Remember your first encounter with classic Chinese mustard? Your seared sinuses? Your cheeks washed with involuntary tears?
What you tasted was the indelicate reaction of the mustard plant’s chemical compounds, probably enhanced by the wetness of your mouth.
That same volatile reaction is being applied by Columbia Basin farmers to control pests and weeds, improve the productivity of their soils, reduce the use of chemicals, and improve air quality for downwind communities.
Mustard is becoming the crop of choice as a green manure grown in the rotations of many potato producers. Research is showing that in addition to improving the physical and chemical characteristics of … » More …
Remember when picking a potato was easy? You had your choice: bake or boil?
Today there are dozens of decisions. Waxy? dry? fingerling? yellow? red? blue? banana?
That world of choice started the early 1980s, when the Yukon Gold emerged from a breeding program in Canada. The yellow potato’s creamy texture and buttery taste made it an instant hit. Chefs roasted it with garlic, mashed it with Gorgonzola, and paired it with the likes of duck and filet mignon.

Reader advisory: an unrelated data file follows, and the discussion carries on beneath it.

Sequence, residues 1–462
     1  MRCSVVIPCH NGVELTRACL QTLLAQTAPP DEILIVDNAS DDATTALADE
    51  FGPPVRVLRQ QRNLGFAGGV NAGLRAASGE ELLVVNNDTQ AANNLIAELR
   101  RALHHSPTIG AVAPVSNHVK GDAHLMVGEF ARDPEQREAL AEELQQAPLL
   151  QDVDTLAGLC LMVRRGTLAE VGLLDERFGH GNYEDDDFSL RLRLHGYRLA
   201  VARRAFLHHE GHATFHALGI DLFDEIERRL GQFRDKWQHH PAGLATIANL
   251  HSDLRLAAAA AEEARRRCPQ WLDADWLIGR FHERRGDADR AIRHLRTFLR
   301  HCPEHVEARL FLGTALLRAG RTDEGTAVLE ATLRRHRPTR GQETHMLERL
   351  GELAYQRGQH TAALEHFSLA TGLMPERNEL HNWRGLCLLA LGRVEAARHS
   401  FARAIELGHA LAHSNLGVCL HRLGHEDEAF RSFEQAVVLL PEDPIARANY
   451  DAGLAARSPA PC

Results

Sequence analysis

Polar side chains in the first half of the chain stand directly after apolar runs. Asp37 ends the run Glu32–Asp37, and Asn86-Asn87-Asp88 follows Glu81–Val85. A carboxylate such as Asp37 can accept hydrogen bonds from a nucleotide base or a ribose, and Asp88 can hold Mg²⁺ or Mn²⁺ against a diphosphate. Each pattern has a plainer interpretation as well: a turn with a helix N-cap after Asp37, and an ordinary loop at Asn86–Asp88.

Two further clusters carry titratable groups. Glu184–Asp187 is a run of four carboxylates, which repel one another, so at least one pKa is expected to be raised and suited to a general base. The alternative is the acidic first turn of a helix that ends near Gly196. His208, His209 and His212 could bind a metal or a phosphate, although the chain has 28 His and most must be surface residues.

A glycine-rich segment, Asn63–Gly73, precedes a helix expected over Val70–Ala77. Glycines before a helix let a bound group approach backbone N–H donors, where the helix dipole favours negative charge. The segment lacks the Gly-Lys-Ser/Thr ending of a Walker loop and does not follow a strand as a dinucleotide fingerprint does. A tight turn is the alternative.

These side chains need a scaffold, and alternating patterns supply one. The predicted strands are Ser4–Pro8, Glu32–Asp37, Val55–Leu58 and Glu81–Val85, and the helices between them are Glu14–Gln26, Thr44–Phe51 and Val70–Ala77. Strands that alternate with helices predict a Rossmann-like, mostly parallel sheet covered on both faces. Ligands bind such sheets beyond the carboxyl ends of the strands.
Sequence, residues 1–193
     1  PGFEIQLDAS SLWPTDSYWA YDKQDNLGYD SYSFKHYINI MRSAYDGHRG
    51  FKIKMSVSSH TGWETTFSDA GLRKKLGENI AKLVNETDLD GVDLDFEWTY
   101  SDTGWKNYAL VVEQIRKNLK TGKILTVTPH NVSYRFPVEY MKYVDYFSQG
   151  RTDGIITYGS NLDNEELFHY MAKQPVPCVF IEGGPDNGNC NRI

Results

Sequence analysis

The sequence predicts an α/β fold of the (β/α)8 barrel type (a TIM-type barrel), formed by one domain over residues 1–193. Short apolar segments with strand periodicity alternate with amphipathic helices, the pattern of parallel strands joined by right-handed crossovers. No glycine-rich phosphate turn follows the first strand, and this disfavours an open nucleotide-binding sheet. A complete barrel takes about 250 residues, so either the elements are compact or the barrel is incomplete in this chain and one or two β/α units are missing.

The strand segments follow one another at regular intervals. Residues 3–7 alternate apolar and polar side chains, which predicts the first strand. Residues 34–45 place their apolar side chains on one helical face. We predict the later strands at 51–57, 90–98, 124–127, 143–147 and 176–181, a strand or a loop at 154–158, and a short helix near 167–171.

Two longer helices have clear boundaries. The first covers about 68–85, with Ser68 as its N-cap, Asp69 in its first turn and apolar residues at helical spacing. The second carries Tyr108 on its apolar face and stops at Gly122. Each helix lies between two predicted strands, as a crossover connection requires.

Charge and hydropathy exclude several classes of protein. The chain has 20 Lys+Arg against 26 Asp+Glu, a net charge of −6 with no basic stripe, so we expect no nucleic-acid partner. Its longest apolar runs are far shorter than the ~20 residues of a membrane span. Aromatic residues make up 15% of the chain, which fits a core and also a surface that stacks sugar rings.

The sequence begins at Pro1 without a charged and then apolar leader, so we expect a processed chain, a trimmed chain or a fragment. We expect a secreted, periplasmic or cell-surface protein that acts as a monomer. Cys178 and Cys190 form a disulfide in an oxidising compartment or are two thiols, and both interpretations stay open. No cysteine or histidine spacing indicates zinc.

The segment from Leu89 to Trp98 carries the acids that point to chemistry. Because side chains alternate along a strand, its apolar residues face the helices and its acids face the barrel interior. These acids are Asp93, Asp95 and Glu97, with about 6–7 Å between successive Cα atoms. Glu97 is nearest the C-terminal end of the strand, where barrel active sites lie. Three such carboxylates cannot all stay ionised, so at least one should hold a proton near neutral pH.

But while our potato palate was expanding in one direction, it was narrowing in another. Shortly after Yukon Gold’s debut, the Russet Norkotah sprouted on the … » More …
Judging by his occasional ribald references to the potato, Shakespeare considered the exotic tuber primarily as an aphrodisiac. Although the time of the potato’s introduction to Europe from the New World is not clear, recent scholarship has determined that the potato was grown in Spain as early as 1570. But the potato is an odd vegetable. Potatoes of that era were not uniformly oblong and smooth, but came in many colors and shapes, with odd protuberances that reminded some of, well, body parts. Although Indians had eaten them for thousands of years, Europeans were mystified, if not titillated.